Fall 2015 - Graduate Course Descriptions
Description of Course:
Objects represent the stuff of our lives that we accumulate, give away, consume, and discard. In this course we will examine the object in the context of photography and contemporary art. When does a simple utilitarian object become a work of art? How does the photographic transcription of an art object function as a stand-in for the real thing? When do photographic images serve as the point of departure for the generation of a sculptural form, as in a reiteration or refabrication? Can the photograph serve as the final document in some aspects of sculptural practice?
The divisions between categories defined by mediums--photography, sculpture, drawing, painting, performance--become eroded as artists mine their intersections. Discussion will involve a reflection on how approaches to sculpture have informed contemporary photography, especially when prioritizing aspects of space and time. We will consider ideas relating to: the challenge to the tradition of the monument; the Surrealist found object and involuntary sculpture; the Duchampian readymade; Rauschenberg's assemblages or Combines; land art and site-specific artworks; the recent embrace of the anti-masterpiece and the anti-collection; and the immersive experience of installation art.
Students will apply these concepts through their selection and arrangement of objects and their resulting photographic responses, as well as through class discussion, critical analysis, and research. In-class studio sessions will facilitate practice with framing, lighting, and positioning of elements before the camera, and preparing digital image files for print output. Artists under discussion may include Gabriel Orozco, Hitoshi Nomura, Sara VanDerBeek, and Robert Smithson.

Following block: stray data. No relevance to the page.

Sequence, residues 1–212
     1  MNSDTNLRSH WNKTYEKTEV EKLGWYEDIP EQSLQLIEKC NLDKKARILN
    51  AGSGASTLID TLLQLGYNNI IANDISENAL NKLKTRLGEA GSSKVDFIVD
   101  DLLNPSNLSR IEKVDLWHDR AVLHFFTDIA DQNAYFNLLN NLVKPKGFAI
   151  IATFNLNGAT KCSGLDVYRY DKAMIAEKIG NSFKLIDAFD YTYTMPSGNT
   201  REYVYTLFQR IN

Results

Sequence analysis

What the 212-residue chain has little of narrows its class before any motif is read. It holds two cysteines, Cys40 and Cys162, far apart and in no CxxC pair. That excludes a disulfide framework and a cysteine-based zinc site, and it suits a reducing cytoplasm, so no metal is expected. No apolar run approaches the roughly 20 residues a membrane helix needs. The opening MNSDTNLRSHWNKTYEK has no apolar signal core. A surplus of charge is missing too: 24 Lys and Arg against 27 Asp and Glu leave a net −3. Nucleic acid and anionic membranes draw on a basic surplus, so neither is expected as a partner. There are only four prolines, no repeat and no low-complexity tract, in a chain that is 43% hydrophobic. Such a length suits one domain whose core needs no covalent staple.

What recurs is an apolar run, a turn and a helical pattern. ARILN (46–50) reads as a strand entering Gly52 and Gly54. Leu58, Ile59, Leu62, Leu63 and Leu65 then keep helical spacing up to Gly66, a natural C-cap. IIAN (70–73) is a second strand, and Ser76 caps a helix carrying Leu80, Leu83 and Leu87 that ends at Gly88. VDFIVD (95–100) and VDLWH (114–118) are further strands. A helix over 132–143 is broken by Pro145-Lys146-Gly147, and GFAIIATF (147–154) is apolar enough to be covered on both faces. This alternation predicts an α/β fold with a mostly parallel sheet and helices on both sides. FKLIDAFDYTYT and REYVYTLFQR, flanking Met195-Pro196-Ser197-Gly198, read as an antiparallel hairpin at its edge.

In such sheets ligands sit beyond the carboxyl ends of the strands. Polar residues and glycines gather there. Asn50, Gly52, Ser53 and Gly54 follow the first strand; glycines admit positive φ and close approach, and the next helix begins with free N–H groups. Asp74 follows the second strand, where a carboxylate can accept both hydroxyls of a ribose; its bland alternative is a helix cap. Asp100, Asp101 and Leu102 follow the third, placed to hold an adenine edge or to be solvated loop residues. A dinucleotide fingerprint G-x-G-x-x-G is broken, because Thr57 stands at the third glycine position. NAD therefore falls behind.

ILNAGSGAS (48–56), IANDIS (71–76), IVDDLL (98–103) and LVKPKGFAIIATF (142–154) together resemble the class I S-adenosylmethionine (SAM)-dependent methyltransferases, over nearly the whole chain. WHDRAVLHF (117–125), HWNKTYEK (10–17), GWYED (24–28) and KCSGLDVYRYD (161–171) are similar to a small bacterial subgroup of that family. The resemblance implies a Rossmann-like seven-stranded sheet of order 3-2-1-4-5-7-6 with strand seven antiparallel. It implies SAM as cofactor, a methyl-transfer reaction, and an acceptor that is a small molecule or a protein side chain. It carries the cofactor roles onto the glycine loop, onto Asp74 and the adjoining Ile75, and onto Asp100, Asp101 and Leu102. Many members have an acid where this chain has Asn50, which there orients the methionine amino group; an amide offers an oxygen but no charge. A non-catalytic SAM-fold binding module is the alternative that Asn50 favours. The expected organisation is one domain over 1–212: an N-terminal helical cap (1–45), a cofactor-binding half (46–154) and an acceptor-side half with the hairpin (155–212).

A selection of articles-- available electronically--by scholars such as Rosalind Krauss, Briony Fer, Margaret Iverson, Massimiliano Gioni.
Students should have access to a still or video camera, and be able to output their images to print or digital media. Visual responses can be generated using consumer-level photographic, book, and video processes.
Course Requirements/Evaluation Criteria:
Requirements include: attendance and participation in class workshops, critiques, and discussions; digital images--output to print, artist book, or video--created in response to assignments and in fulfillment of a final portfolio requirement; a short essay providing an overview of the final portfolio; and a research project (short critical essay and annotated bibliography).